Social care spending £600m lower than 10 years ago, research finds

Annual adult social care spending in England is still £600m lower than in 2010, according to new analysis published by the TUC.

The analysis by the trade union finds that in 112 of the 150 responsible local authorities, social care spending per head of the population is still below 2010 levels.

According to the TUC, spending per head is 8% below the level in 2010 for England overall.

And it claims regional reductions range from 18% in London, to 5% in the South East, East Midlands and East of England.

In a new report out today – Fixing social care: better quality services and jobs – the TUC also warns that social care in England has insufficient funding to meet demand, which has forced councils to tighten eligibility and people to rely on informal care from family and friends.

The report calls for a new funding settlement and a national Social Care Forum, which will bring together government, unions, employers, commissioners and providers to coordinate the delivery and development of services, including the negotiation of a workforce strategy.

‘When the country needed them, social care workers stepped up. Care workers looked after older and disabled people in the midst of a pandemic, often without the right PPE, and often for low wages and no sick pay,’ said TUC general secretary, Frances O’Grady.

‘Now it’s time to fix the broken system. Social care is badly underfunded. Pay and conditions for care workers are dreadful. And families can’t be sure of high-quality, affordable care when a family member needs it.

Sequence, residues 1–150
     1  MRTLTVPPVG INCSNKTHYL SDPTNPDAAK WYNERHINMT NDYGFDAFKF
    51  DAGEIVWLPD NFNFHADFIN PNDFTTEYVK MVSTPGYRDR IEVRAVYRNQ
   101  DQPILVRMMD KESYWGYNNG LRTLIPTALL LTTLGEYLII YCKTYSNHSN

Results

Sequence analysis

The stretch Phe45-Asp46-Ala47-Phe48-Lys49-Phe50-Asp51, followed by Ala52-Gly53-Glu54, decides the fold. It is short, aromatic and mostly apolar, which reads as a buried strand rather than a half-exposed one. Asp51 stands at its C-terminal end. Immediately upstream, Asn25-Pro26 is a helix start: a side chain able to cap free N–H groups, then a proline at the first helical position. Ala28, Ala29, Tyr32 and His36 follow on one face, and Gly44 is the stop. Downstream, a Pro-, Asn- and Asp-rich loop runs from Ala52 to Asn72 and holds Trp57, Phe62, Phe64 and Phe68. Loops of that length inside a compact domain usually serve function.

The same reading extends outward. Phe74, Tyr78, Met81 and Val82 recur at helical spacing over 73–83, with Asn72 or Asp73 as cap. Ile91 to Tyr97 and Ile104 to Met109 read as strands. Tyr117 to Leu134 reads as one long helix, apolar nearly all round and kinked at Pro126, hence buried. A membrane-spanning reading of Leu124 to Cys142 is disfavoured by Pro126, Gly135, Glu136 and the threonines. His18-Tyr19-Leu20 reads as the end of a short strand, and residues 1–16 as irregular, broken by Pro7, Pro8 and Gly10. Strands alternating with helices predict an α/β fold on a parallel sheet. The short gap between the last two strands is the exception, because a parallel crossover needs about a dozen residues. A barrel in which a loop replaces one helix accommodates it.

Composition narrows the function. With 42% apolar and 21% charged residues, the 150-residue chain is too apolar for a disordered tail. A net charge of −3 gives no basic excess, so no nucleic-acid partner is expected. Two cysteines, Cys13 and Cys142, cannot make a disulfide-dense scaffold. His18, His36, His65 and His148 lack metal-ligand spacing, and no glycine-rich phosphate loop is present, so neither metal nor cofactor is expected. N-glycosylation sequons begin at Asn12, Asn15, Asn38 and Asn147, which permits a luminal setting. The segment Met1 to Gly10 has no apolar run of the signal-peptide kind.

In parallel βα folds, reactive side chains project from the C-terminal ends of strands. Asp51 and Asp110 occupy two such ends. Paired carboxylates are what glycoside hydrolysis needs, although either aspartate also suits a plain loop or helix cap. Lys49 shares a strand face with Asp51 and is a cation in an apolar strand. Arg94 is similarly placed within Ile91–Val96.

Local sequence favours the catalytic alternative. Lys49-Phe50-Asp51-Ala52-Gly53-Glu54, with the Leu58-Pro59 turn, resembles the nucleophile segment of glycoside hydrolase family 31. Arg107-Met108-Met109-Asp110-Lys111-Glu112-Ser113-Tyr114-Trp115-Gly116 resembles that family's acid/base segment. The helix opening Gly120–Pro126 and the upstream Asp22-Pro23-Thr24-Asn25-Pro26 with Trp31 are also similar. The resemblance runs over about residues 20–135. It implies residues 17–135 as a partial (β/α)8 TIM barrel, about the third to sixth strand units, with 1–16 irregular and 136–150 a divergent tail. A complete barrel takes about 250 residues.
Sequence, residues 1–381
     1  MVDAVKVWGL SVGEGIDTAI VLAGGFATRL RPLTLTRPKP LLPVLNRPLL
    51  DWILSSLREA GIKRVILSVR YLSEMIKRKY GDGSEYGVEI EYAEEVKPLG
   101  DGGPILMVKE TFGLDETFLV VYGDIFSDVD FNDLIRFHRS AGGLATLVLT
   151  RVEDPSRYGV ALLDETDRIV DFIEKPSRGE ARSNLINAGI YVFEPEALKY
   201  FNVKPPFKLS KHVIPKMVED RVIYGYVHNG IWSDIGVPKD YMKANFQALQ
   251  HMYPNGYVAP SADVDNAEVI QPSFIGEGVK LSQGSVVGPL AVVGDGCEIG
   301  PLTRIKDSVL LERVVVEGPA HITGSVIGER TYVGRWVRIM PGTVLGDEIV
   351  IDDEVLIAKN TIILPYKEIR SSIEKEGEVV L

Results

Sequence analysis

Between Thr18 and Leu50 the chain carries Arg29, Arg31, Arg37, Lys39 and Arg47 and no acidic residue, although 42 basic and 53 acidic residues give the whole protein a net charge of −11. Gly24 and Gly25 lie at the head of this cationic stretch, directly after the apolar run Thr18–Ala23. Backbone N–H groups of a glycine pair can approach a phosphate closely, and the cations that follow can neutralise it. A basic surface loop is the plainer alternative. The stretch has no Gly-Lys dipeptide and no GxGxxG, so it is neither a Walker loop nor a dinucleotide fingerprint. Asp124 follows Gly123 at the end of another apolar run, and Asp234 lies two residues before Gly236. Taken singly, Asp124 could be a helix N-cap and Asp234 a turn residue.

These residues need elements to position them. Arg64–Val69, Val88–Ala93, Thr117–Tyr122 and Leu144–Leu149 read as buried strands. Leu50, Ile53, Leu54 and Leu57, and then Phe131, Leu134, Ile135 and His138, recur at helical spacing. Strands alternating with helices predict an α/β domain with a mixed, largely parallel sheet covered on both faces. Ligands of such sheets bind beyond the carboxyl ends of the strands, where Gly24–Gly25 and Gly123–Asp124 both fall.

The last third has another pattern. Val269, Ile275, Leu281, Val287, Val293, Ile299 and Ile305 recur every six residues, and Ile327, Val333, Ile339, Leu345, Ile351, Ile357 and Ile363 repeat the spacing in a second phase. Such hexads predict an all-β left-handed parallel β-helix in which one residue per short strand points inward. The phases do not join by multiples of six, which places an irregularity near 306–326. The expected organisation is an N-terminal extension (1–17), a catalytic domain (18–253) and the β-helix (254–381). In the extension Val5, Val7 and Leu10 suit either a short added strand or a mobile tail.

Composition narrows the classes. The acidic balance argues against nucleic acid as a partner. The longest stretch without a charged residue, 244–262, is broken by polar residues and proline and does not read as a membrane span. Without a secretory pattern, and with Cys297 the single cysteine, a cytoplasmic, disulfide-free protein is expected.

‘As we face mass unemployment, ministers should act to unlock the 120,000 existing social care vacancies right now. And they should put investment in social care at the heart of our national recovery plan.

‘Social care jobs should be decent jobs on fair pay, at the heart of every community. The TUC’s plan sets out how a full funding settlement for social care would work. Ministers can’t spend another decade hiding from the social care crisis.’

The assistant general secretary of Unison, Christina McAnea added: ‘This TUC analysis shows clearly how spending cuts are having a severe effect in many parts of the UK. That means lower quality services for the vulnerable and poverty wages for hard working care staff.

‘As the union of social care, UNISON is calling for a national service that’s fully funded, values staff and is free for those who need it.’


Photo Credit – Shutterbug75 (Pixabay)


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